August 2012 Volume XI No. 6 Taking Care of Business
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Construction Company Required To Contribute To Funds For All Hours Worked—Not Just Bargaining Unit Work

Kim Peil
Kim Peil

On July 23, 2012, the Seventh Circuit, in McCleskey v. DLF Construction, Inc., agreed with the United States District Court for the Southern District of Indiana that a construction company, DLF Construction, Inc., (“DLF”) was required to contribute to two funds for all work performed by members of the Local 692 of the Cement Masons Union (“Union”), including non-bargaining unit work.

DLF entered into a Memorandum of Joint Working Agreement with the Union (“MOA”), agreeing to be bound by all Collective Bargaining Agreements (“CBAs”) between the Union and various employer associations within the geographical jurisdiction of the Union. Under the CBAs’ terms, DLF was required to make fringe benefit contributions to two funds on behalf of the members of the Union. A journeyman cement mason and member of the Union worked for DLF between 2006 and 2008, performing both bargaining unit work and non-bargaining unit work. DLF only made contributions to the funds for the bargaining unit work performed by the Union member. The trustee of the funds brought suit against DLF seeking contributions for the non-bargaining unit work the Union member performed.

DLF argued that pursuant to the MOA, it was not contractually bound to make contributions for non-bargaining unit work. To support that argument, DLF pointed to Section 2 of the MOA that stated:

[DLF] agrees to be bound to all Collective Bargaining Agreements between the Union and the various Employer Associations in the geographical jurisdiction of the Union, and hereby incorporated herein with the same force and effect as if herein set forth in full, with respect to wages, hours of work, fringe benefits, and all other terms and conditions of employment for all aforesaid Cement Mason, Plasterer and Shop Hand employees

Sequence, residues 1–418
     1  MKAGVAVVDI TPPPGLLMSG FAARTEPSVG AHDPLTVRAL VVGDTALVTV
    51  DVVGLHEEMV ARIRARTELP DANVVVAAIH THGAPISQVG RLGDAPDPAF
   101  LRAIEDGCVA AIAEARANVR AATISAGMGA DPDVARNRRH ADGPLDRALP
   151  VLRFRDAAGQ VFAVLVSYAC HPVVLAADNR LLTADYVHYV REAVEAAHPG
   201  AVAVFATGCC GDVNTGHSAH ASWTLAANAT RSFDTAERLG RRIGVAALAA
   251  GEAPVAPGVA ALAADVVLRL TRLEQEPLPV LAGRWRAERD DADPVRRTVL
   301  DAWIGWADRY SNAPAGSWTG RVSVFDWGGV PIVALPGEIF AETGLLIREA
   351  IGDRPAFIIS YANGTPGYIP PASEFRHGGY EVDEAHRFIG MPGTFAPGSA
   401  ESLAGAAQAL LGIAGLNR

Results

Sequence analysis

The Seventh Circuit disagreed with DLF’s argument explaining that all the above paragraph did was establish that for an employee to be covered under the CBA, he or she must be an employee who does bargaining unit work; “it does not limit the CBA’s coverage to employees doing only bargaining unit work.” The Court determined that Section 2 was not intended to, and did not, define bargaining unit work for the purposes of fringe benefit contributions. The Court explained that the MOA bound DLF to the terms of the CBAs, which in turn obligated DLF to make fringe benefit contributions to the funds on behalf of Union members. The Seventh Circuit held that the CBAs specifically required DLF to pay into the funds for “each hour worked by employees covered by [the CBAs],” including non-bargaining unit work.

In light of this decision, employers must be mindful of the implication and affect of other agreements, when entering into contracts that may bind them to the terms of other agreements.

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NLRB Limits Employer's Investigations

Jim Jorgensen
Jim Jorgensen

The National Labor Relations Board (NLRB) has held that an employer's efforts to protect the integrity of its internal investigations by instructing employees involved in the investigations not to discuss the matter with co-workers violates the National Labor Relations Act (NLRA).

The Board held that the employer's generalized concern with protecting the integrity of its investigations was insufficient to outweigh its employees' Section 7 rights to engage in protected concerted activities. According to the NLRB, to justify such a prohibition, an employer is required to make an individualized assessment of each investigation to determine whether:

1. any witnesses need protection;
2. evidence is in danger of being destroyed;
3. testimony is in danger of being fabricated, or
4. there is a need to prevent a cover up.

We will be contacting our clients to provide further information on the need to alter existing policies and practices.

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